Leonor Gaviña-Valls has brewed her family's coffee blends for decades, but in recent years she has grown accustomed to buying them at area stores and restaurants.
The Glendale resident is co-owner of Gaviña & Sons, which produces popular retail brand Don Francisco's Gourmet Coffee, as well as private-label coffees sold at stores like McDonald's, 7-Eleven, Costco and Porto's Bakery.
The company, which traces its roots to Cuba, has rapidly expanded in recent years, upgrading its production space from 80,000 square feet to 240,000 square feet in 2002.
Its new plant in Vernon handles about 40 million pounds of imported coffee beans a year, funneling them through a complex system of roasters and packing machines that show a dramatic evolution from the original 2,000-square-foot Gaviña operation of 1967.
Although the recession has slowed down business — the company's revenues still grew by more than 5% in 2009 — Gaviña-Valls discussed the popularity of coffee as a part of Americans' daily routines, which is something the company doesn't anticipate will change because of spending habits.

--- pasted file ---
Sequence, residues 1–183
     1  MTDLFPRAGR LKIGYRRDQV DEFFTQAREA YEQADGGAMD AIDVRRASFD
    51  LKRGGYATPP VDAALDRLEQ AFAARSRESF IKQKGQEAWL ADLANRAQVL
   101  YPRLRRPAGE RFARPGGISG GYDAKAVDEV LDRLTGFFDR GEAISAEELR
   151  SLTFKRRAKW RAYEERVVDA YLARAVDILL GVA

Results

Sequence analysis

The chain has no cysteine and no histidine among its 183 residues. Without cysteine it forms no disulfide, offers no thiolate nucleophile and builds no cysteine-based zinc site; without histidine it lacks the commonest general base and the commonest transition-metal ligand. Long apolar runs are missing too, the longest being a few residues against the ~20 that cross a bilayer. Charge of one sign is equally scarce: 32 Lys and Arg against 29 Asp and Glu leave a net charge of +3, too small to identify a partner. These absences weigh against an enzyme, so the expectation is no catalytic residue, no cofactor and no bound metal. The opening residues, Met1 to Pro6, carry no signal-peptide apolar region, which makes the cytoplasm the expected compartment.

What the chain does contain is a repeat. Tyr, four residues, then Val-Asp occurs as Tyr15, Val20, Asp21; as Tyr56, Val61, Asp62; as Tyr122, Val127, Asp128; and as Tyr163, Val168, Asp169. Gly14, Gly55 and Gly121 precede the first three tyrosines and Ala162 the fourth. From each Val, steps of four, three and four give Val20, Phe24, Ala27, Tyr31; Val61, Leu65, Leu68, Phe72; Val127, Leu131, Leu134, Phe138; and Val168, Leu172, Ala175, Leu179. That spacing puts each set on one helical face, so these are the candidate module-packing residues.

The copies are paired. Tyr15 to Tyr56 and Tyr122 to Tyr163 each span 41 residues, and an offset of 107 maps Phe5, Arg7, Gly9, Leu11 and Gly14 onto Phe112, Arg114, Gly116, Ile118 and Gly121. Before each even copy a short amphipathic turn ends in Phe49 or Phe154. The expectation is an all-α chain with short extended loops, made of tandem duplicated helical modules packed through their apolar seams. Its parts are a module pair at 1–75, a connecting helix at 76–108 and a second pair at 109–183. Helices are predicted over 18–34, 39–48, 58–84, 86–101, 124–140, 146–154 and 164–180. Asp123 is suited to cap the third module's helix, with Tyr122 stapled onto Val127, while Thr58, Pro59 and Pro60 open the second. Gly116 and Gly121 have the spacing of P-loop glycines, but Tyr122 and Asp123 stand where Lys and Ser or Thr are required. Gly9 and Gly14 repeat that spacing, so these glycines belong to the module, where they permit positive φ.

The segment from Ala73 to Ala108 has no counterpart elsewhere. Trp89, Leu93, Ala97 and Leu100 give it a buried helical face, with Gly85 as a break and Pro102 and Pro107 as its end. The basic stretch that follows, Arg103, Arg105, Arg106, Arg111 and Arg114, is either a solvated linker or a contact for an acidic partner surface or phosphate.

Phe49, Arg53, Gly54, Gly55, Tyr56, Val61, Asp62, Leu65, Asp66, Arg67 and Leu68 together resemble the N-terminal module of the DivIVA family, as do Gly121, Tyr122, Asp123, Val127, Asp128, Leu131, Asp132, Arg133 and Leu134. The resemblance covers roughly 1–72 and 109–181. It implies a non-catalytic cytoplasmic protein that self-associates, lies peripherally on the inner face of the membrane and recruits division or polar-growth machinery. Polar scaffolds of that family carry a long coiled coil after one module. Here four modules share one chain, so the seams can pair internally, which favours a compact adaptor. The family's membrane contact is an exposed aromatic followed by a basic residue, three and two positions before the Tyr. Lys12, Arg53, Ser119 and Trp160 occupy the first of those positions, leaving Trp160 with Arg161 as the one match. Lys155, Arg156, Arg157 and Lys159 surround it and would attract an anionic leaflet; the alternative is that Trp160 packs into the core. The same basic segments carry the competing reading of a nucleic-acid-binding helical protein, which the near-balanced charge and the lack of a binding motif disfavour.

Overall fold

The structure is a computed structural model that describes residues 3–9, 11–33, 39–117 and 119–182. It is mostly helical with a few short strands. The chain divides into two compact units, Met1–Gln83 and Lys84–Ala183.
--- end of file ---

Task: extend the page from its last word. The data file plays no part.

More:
ZAIN SHAUK: How has the business changed since your family began in the United States 43 years ago?
LEONOR GAVIÑA-VALLS: We started back in 1967, my dad, my mom, my brothers. I was still in high school, and our coffee was only espresso . . . When we started saying "espresso," or saying "latte" or a "cappuccino," nobody knew what it was. So we had to educate the people. Coffee was coffee. Coffee was a commodity in a can, and that was it. So little by little people became more sophisticated in how they drank coffee. And we came out with a brand called Don Francisco. Francisco was my father, and Don was a title of respect, so Don Francisco was the title we came out with in retail to honor our dad.
Q: How has the growth in popularity of coffee shops changed your business and what you provide?
A: Well, we are providers to some of those coffeehouses, so for us it's been awesome. On the other side, our Don Francisco brand, it's a premium-brand coffee. So people want better things for themselves. It changed what people expect from coffee. Now people expect more.